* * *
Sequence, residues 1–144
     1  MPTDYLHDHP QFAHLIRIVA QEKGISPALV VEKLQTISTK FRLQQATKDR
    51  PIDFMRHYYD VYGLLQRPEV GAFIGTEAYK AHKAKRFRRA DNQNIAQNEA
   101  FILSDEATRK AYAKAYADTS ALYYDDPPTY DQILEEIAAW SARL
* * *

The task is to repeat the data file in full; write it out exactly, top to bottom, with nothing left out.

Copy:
Sequence, residues 1–144
     1  MPTDYLHDHP QFAHLIRIVA QEKGISPALV VEKLQTISTK FRLQQATKDR
    51  PIDFMRHYYD VYGLLQRPEV GAFIGTEAYK AHKAKRFRRA DNQNIAQNEA
   101  FILSDEATRK AYAKAYADTS ALYYDDPPTY DQILEEIAAW SARL